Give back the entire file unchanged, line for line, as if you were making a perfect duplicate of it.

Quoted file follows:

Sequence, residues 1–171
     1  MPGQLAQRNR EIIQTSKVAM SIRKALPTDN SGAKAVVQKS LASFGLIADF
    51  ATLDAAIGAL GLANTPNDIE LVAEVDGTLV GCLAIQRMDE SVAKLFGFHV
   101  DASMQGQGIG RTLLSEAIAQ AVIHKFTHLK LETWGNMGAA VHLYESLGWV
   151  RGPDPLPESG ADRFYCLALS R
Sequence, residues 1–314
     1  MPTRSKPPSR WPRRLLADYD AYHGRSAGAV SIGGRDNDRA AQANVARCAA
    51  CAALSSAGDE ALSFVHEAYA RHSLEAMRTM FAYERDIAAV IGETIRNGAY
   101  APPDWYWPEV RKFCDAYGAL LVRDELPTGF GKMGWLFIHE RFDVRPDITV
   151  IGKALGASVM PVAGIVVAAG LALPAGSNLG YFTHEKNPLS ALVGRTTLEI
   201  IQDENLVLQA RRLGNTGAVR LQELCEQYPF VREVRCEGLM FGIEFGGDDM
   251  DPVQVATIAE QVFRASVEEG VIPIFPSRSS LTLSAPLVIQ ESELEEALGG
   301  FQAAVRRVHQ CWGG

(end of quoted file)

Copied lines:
Sequence, residues 1–171
     1  MPGQLAQRNR EIIQTSKVAM SIRKALPTDN SGAKAVVQKS LASFGLIADF
    51  ATLDAAIGAL GLANTPNDIE LVAEVDGTLV GCLAIQRMDE SVAKLFGFHV
   101  DASMQGQGIG RTLLSEAIAQ AVIHKFTHLK LETWGNMGAA VHLYESLGWV
   151  RGPDPLPESG ADRFYCLALS R
Sequence, residues 1–314
     1  MPTRSKPPSR WPRRLLADYD AYHGRSAGAV SIGGRDNDRA AQANVARCAA
    51  CAALSSAGDE ALSFVHEAYA RHSLEAMRTM FAYERDIAAV IGETIRNGAY
   101  APPDWYWPEV RKFCDAYGAL LVRDELPTGF GKMGWLFIHE RFDVRPDITV
   151  IGKALGASVM PVAGIVVAAG LALPAGSNLG YFTHEKNPLS ALVGRTTLEI
   201  IQDENLVLQA RRLGNTGAVR LQELCEQYPF VREVRCEGLM FGIEFGGDDM
   251  DPVQVATIAE QVFRASVEEG VIPIFPSRSS LTLSAPLVIQ ESELEEALGG
   301  FQAAVRRVHQ CWGG